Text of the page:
Posted: Oct. 5, 2004


By Celia Cohen
Grapevine Political Writer

William Swain Lee says Gov. Ruth Ann Minner is using crib sheets during their gubernatorial debates, bringing along five-by-seven cards so she can answer questions.

He also says she played hookey from a debate scheduled to be taped last Friday in Philadelphia for a Sunday morning broadcast by WPVI Channel 6 TV.

Lee, the Republican ex-judge trying to deny a second term to the Democratic governor, tattled on Minner during a "Road to Victory" dinner, sponsored last Friday by the Brandywine Region Republicans at the Brandywine Country Club.

It certainly is making the education issue personal, isn't it?

Lee, of course, is a graduate of Wilmington Friends School, Duke University and the University of Pennsylvania law school. Minner dropped out of high school at 16 to help with the family finances and did not get her general equivalency degree until after she was widowed at 32 with sons to raise.

Lee told a crowd of about 160 Republicans, "The governor can deal cards better than anybody here."

He further suggested that Minner did not even write out the five-by-seven cards herself but cribbed her crib sheets from Gary B. Patterson, one of the governor's closest advisers. Patterson, a Republican, is the executive director of the Delaware Petroleum Council and the father of Gregory B. Patterson, the governor's campaign manager.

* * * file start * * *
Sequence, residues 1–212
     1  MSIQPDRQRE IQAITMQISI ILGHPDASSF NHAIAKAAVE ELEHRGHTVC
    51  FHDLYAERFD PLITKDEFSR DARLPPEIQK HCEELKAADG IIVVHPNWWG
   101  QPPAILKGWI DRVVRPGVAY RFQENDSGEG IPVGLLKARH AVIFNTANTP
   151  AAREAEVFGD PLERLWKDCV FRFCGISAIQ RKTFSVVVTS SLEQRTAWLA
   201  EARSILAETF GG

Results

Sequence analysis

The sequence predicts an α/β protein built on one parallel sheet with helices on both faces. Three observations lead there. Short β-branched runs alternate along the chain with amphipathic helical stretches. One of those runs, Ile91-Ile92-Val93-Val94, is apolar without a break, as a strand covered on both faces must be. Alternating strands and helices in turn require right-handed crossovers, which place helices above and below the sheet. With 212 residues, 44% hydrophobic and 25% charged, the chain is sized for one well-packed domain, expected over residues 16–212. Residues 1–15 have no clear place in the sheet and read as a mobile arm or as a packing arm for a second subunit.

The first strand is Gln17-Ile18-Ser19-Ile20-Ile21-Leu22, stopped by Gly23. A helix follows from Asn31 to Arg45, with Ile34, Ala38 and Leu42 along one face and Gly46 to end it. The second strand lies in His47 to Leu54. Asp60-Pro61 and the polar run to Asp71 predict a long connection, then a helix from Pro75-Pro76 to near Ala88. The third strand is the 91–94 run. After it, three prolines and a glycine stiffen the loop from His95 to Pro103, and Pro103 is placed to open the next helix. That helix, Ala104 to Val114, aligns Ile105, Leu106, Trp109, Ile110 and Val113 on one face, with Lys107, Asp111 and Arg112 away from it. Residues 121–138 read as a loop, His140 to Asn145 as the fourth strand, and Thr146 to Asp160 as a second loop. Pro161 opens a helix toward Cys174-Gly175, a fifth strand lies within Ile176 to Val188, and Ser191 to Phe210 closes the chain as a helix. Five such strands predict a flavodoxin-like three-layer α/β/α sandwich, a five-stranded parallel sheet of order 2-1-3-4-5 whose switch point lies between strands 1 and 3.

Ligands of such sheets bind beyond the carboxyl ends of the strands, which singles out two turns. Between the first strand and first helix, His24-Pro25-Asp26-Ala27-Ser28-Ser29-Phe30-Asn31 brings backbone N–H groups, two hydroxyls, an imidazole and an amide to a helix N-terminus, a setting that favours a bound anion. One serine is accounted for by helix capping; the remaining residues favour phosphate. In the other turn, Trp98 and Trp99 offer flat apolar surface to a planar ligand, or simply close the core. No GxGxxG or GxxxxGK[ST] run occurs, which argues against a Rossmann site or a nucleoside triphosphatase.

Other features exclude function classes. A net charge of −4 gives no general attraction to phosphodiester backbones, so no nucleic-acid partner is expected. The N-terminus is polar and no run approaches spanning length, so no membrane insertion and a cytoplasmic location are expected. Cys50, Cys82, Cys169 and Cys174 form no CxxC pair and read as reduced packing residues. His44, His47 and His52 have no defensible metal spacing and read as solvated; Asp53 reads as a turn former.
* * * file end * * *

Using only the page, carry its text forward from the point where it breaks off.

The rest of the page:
"The governor has never expressed a thought of her own," Lee said. "Gary Patterson is the one who's talking, and her mouth is the one that's moving."

That same evening, Lee's campaign e-mailed a press release criticizing Minner for missing the WPVI debate, even though she had said she would debate Lee on her record anytime, anywhere.

Greg Patterson acknowledged that the governor indeed does bring cards to the debates.

"Being prepared has never in my memory been seen as a bad thing," he said. "The governor does have five-by seven cards with her accomplishments on them. As you're in a roomful of people and you're trying to get through four years of very substantial accomplishments, she has a list of things she's done."

As for the debate that was skipped, Patterson says there are about a dozen others scheduled, all arranged for months. WPVI tried to set one up with about two weeks' notice and insisted it be taped in Philadelphia, a request that could not be accommodated.

"Between being governor and being a candidate, the schedule has been jammed," Patterson said.

It is one thing for Lee to make an issue out of not showing up for a debate, quite another to make one out of the five-by-seven cards. Perhaps the most famous card reader in politics was Ronald Reagan, who used four-by-six cards when he met with members of Congress, an ex-actor with his cue cards.

Republicans tend to think Reagan did just fine as president.